Lagoon setbacks in the new regulations rely on a “pathogen analysis,” which looks at the potential for contamination to enter groundwater. A major consideration in permitting a site is the depth of unsaturated soil beneath the facility, with 4 feet of soil being the smallest amount allowed. At the Helena Valley site, there is about 80 feet of unsaturated soil, which is why the lagoon could be as close to 100 feet to wells.
But Kilbey is less concerned about his water after a recent test came up clean. His issue is centered on external discharge by the pump truck into the pond, which he believes may cause fecal matter to become airborne and enter his property. He wants his property and home tested for contamination and says a string of illnesses in his family has him concerned.
Kilbey is abrupt and acknowledged his confrontational demeanor as he became increasingly frustrated with various government officials and operators of the treatment plant.
“Something about this seems way, way, way wrong,” he said, “but everyone we go to wants to keep sandbagging us until I go away. This is not a personal vendetta but about what’s right and wrong.”
Kilbey’s frustration escalated a few weeks ago when a malfunction on the pump truck caused it to leak and leave a stream of waste along the dirt road outside his and several other homes. He again called DEQ, which responded to the site while the pump truck driver shoveled “some of the larger pieces” out of the road, he said.
Kilbey says he became angry when DEQ enforcement staff deemed the cleanup sufficient despite waste that could still be seen in the road. He then became infuriated, he said, when told that lye could be used but could also pose human health concerns.
“We feel like we’re being poisoned. At the end of the day they can’t just keep turning a blind eye to this,” he said.
Lewis and Clark County Commission Chairman Jim McCormick said in an interview that he took Kilbey’s concerns to several county departments, but they lacked jurisdiction because they had not permitted the facility. Even so, McCormick says he is interested in acting as an intermediary to help resolve the conflict.
DEQ permitted the lagoon, but officials there say that permitting laws do not include an air quality consideration, nor does licensing of a pump truck operator regulate the manner in which sewage is discharged.
“There are no specific regulations, for DEQ, for regulating the trucks discharging into lagoons,” DEQ Communications Director Kristi Ponozzo said. “It is a private contract or agreement between the two companies,” meaning the owner of the facility and the contractor discharging. Interestingly DEQ does have authority to regulate spraying of treated sewage onto agricultural lands but not into treatment facilities, she added.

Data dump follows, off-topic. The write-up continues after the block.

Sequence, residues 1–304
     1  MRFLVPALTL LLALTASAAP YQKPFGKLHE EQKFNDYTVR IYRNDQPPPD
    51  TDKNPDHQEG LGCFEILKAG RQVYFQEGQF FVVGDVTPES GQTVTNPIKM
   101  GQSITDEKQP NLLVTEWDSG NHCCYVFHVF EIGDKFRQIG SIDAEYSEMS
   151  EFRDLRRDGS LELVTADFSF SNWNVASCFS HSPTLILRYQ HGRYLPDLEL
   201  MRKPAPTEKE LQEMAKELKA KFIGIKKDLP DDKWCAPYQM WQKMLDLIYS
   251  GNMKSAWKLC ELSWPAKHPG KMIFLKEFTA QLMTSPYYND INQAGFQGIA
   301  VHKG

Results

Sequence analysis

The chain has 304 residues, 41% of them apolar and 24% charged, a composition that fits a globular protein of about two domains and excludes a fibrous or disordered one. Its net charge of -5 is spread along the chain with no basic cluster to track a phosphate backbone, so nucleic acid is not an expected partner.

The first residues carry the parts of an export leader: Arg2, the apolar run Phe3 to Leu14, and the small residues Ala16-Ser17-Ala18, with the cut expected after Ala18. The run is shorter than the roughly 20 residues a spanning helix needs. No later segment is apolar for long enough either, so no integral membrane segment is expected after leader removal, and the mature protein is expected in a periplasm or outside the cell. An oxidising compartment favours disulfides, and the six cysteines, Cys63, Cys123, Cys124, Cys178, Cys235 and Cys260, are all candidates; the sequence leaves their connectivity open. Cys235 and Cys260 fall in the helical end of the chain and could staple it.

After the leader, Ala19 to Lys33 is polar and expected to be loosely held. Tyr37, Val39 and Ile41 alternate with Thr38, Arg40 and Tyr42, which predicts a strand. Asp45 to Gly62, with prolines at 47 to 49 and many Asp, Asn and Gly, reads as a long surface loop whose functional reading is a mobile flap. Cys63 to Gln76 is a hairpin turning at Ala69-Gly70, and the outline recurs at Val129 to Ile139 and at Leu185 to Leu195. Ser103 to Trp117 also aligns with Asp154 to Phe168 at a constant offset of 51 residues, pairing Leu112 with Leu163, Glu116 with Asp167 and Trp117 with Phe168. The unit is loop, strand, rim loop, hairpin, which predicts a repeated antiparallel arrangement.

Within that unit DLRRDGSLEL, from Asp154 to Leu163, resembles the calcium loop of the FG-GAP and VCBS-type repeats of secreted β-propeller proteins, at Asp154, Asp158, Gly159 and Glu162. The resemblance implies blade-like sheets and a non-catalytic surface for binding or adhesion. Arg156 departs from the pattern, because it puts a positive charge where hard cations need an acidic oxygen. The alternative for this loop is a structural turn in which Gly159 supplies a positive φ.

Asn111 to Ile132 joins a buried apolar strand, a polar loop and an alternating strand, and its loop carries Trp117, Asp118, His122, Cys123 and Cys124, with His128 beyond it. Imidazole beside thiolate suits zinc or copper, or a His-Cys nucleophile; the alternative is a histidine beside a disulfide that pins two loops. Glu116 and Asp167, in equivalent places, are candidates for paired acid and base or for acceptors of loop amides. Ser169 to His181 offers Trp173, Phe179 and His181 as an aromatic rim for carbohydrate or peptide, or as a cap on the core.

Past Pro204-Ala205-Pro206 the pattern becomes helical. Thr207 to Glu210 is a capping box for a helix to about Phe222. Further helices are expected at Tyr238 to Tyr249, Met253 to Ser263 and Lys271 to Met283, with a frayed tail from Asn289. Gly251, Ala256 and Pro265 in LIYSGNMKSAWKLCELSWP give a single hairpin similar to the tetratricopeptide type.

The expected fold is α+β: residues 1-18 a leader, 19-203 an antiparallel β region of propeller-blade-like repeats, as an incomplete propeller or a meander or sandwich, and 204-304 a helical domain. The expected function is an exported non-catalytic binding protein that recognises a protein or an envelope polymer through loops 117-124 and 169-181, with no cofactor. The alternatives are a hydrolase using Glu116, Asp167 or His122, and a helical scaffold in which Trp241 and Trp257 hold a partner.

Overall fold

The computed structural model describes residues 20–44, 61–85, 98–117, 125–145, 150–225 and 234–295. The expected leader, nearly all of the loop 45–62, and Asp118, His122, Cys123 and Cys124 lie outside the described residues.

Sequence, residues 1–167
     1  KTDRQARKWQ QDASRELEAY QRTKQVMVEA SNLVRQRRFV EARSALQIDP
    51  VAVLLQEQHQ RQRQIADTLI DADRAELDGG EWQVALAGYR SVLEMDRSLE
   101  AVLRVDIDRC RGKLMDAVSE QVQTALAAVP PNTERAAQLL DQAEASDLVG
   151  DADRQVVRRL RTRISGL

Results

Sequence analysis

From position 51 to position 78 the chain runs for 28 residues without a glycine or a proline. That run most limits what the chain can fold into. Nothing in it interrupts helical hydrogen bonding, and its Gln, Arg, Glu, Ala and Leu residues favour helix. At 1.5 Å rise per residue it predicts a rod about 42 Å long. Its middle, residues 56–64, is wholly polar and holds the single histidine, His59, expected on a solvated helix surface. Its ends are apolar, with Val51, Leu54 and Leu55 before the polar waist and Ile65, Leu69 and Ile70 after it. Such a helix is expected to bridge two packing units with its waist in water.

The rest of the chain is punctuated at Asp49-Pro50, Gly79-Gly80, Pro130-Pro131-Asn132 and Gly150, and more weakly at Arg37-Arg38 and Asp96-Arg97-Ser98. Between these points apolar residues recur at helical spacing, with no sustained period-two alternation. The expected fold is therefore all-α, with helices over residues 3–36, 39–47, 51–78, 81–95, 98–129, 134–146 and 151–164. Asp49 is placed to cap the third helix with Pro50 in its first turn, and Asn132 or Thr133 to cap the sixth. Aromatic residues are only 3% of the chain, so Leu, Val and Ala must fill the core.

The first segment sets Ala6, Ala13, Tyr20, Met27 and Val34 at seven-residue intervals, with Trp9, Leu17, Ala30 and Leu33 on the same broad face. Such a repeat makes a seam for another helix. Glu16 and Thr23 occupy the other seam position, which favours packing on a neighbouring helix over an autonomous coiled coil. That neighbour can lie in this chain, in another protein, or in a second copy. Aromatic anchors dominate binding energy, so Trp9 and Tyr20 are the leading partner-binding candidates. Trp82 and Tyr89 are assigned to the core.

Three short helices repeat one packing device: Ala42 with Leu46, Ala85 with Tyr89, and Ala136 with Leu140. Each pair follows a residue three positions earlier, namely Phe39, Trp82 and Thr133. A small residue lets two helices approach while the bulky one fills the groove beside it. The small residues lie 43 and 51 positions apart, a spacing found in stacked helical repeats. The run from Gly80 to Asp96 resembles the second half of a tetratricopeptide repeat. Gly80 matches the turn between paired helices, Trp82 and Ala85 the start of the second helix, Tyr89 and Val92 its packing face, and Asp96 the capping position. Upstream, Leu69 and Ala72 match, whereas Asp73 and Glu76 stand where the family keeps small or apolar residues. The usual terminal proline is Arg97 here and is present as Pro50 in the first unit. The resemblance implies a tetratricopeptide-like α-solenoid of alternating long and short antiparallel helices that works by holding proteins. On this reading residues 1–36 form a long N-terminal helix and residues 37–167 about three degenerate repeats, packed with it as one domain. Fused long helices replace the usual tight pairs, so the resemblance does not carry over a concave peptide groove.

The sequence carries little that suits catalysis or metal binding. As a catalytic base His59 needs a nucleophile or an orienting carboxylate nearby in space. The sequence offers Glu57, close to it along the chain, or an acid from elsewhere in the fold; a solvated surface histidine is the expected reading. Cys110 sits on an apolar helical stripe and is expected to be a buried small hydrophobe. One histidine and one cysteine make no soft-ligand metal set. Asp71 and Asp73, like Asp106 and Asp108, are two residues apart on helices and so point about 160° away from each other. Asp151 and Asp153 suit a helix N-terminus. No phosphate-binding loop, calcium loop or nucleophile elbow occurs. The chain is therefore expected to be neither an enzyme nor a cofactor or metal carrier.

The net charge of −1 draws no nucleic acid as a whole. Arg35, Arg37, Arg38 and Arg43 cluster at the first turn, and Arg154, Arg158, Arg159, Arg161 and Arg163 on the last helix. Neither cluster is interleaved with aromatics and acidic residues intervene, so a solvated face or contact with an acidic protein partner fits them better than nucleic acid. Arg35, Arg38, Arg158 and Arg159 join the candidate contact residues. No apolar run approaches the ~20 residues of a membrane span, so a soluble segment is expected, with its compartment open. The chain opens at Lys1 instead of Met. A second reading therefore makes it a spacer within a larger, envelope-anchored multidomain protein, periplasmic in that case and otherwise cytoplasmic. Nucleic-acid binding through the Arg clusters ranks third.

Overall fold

DEQ enforcement reports responding to Kilbey’s complaints obtained by the Independent Record also say that discharging into the pond without a hose does not violate the permit. The reports also suggest contacting local or state health departments or legislators to encourage a legal change granting DEQ authority to regulate the spraying of human waste.
Peterson says that when he became aware of the pump truck spraying waste without a hose, he went to Kilbey’s house and said he would address it, which could include voiding the contract with the pump truck contractor if necessary. In 2006, North Star Water & Sewer overbuilt the facility and in addition to North Star subdivision, a second subdivision had hooked into the facility to address its failing waste water system, he said.
In recent weeks, the discharge practice of the pump truck has changed to now hook into a pair of hoses farther away from Kilbey’s house, which Peterson says he hoped would alleviate concerns. Gates have also been locked and new warning signage posted.
Even with the change, Kilbey remains concerned that the dumping has been allowed to continue, and that it is sometimes happening up to five times per day, and noting that the hoses dangle through a gate on the facility.
“I mean, you can’t reasonably expect two subdivisions to disconnect, but stop the dumping,” he said when asked what would resolve the issue. “(The lagoon) was never supposed to be here."
Kilbey has hired an attorney in part to pursue nondisclosure claims about the facility with his real estate company, which he acknowledges is a private civil matter.
This story has been changed to remove a reference to a potential lawsuit against the state, which Kilbey has clarified he is not considering.